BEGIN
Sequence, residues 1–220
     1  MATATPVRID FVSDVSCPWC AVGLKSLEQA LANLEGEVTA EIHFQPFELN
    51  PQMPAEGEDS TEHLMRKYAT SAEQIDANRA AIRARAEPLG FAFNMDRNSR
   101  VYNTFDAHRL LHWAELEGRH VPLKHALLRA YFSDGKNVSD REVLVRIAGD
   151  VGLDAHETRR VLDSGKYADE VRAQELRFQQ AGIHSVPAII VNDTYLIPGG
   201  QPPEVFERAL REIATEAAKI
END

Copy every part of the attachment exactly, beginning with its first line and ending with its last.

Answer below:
Sequence, residues 1–220
     1  MATATPVRID FVSDVSCPWC AVGLKSLEQA LANLEGEVTA EIHFQPFELN
    51  PQMPAEGEDS TEHLMRKYAT SAEQIDANRA AIRARAEPLG FAFNMDRNSR
   101  VYNTFDAHRL LHWAELEGRH VPLKHALLRA YFSDGKNVSD REVLVRIAGD
   151  VGLDAHETRR VLDSGKYADE VRAQELRFQQ AGIHSVPAII VNDTYLIPGG
   201  QPPEVFERAL REIATEAAKI